If you’re an old school blues fan, then you know Robert Connely Farr. He is originally from Bolton, Mississippi, home of Charley Patton and the Mississippi Sheiks. Farr has been a disciple of Bentonia bluesman Jimmy “Duck” Holmes since 2017. Although he now resides in Vancouver, BC his new album Ain’t Enough stays true to his Southern roots.
Ain’t Enough is the 2X Maple Blues Award nominee’s 9th album, showcasing Farr with just his guitar and vocals. It’s blues and Southern alt-country stripped to their bare bones.
Recorded at Hippsonic Studios in Vancouver, the old Little Mountain Sound Studio – where some of rocks best records were made by bands like Aerosmith, Bon Jovi & AC/DC, 7 of the 10 tracks on Ain’t Enough were written by Farr. Most are deeply personal, and considering the year he’s had, it is understandable why he chose this solo acoustic format.
Riding the crest of success in 2019, Farr was diagnosed with cancer and had to undergo emergency surgery. Still, in 2020, he released 3 albums including the 16 track Country Supper.
‘Ain’t Enough’ is a collection of songs that emerged after the release of ‘Country Supper’ – some songs that I’ve had for awhile & some that just bubbled right up & I had some incredible experiences writing them. Songs can be very healing that way.
The new record kicks off with the title track. Farr’s emotive vocals and simple guitar provide the vehicle for soul-stirring lyrics. Sometime the simplest of things can mean the most.
Give me a good memory
A hug from my friend
Give me playing a God damned show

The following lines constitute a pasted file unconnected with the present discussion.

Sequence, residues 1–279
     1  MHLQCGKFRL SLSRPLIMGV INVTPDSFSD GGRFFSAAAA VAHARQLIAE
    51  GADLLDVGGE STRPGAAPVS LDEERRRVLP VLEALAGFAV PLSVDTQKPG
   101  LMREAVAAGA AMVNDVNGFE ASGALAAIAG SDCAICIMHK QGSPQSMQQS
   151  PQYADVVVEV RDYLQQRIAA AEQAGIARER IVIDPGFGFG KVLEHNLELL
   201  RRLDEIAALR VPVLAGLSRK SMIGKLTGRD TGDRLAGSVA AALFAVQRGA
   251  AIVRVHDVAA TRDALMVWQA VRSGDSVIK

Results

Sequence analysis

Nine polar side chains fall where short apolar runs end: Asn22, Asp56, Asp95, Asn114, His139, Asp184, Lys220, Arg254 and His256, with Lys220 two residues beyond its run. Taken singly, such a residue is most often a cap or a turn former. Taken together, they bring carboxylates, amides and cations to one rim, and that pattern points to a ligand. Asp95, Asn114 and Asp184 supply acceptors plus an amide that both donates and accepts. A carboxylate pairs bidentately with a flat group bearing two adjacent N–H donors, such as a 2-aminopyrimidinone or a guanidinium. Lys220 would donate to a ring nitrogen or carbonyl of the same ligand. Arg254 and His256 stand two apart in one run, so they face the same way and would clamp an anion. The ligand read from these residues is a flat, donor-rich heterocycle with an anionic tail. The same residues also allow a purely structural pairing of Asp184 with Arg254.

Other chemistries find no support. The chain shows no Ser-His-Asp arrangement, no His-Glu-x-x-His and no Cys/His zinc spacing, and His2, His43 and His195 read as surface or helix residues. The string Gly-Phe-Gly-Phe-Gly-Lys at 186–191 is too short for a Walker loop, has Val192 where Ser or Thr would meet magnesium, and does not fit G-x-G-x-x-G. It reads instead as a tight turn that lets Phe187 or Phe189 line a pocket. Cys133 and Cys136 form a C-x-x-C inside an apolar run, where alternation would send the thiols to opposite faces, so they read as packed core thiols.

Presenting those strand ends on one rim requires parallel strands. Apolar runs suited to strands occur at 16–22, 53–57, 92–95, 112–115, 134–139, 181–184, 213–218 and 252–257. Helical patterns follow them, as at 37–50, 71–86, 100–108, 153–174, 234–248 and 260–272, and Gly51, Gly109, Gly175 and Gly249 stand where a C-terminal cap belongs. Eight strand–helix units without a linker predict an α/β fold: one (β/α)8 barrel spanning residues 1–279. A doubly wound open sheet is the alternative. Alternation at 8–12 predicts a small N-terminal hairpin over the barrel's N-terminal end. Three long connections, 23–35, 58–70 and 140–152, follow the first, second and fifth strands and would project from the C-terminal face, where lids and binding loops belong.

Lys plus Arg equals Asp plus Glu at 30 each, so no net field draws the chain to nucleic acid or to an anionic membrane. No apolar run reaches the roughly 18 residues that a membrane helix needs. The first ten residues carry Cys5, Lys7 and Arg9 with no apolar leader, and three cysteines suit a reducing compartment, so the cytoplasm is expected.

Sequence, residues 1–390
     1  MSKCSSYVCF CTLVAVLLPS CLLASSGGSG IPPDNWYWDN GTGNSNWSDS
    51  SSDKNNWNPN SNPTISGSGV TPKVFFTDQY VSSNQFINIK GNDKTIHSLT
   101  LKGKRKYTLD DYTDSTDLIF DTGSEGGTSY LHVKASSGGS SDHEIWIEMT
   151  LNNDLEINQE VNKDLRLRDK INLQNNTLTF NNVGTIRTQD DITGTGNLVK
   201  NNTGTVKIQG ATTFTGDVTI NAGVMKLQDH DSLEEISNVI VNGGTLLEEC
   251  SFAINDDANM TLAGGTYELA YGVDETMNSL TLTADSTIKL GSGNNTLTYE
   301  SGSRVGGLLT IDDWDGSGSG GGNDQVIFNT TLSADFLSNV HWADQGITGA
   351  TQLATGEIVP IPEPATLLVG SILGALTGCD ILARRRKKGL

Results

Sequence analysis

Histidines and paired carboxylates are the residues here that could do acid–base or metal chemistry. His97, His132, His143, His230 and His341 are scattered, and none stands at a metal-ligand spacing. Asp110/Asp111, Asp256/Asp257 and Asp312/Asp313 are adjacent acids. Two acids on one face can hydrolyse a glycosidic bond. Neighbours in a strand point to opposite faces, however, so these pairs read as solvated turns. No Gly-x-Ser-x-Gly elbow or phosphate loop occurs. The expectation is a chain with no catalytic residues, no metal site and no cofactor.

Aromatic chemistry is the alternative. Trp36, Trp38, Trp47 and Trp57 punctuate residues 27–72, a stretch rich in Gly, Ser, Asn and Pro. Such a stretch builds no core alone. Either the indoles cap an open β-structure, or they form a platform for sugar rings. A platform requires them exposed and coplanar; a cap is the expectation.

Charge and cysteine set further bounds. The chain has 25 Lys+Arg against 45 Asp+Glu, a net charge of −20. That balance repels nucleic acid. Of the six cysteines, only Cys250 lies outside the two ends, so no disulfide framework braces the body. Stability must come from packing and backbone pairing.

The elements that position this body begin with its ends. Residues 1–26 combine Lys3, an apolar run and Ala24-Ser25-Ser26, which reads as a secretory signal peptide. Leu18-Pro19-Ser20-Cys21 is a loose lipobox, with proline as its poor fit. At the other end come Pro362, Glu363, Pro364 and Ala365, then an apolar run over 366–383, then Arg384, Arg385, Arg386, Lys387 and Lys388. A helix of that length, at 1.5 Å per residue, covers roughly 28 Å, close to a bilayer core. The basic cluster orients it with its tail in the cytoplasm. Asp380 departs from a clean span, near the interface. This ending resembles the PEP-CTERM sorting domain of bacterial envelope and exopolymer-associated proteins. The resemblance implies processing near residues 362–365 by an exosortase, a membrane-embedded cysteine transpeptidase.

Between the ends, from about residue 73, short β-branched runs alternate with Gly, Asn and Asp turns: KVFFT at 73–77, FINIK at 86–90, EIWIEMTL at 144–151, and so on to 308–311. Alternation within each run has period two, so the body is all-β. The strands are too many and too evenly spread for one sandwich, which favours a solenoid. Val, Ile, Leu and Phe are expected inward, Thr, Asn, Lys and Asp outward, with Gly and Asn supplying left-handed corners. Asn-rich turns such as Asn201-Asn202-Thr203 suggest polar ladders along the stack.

In the shittiest bar I ever been in
Take me home
Take me home
Take me home Lord
Take me home
“Going Away to Leave You” was written by Jimmy “Duck” Holmes, and is performed by Robert in the true, haunting, Bentonia style. The droning 12 string guitar and Farr’s powerful voice would make Skip James proud.
Farr talks about his cancer and its effects on the John Prine-esque “I Get By.” This one hits you right in the feels. He gets back to the blues on “Ain’t No Other Way” and “Gettin’ Richer Blues.” The latter is a mournful look at how long and hard life can be.
Written by Mac Pontiac, Farr takes “Truck Stop Girl” into the realm of singer/songwriter genius. Robert does something on this album I really wasn’t expecting. He took the lyrics from 2 hip-hop artists, Atlanta’s Future and Toronto’s Drake, re-imagining them into 2 minutes of bliss that is “Life is Good,” and could have just as easily been done by Townes Van Zandt. Turning hip-hop into blues hasn’t been so successfully accomplished since ZZ Top’s “I Gotsta Get Paid.”
On the self-penned “Where I Went Wrong,” he provides a beautiful Americana feel, but the blues aren’t far off from it. With “I Might,” Farr returns to the Bentonia sound he loves so much with distorted guitar and poignant lyrics.
Ain’t Enough closes with the “Flophouse Jr. Edit” of the title track. Additional instrumentation on this edit is provided by his friend and long time co-conspirator Jon Wood. There’s a lot less distortion put on Farr’s vocals on this take, and the emotion comes through clear as a Sunday morning church bell.
Although I’ve always been partial to Dirty South Blues, Ain’t Enough is just Farr and his guitar. A little bit of blues, a touch of songwriter/alt-country and all heart. This isn’t foot-stomping Saturday night fish fry, or electrified, horn-filled Chicago or Memphis blues. This is Robert Connely Farr in his pure form, and we couldn’t love it more.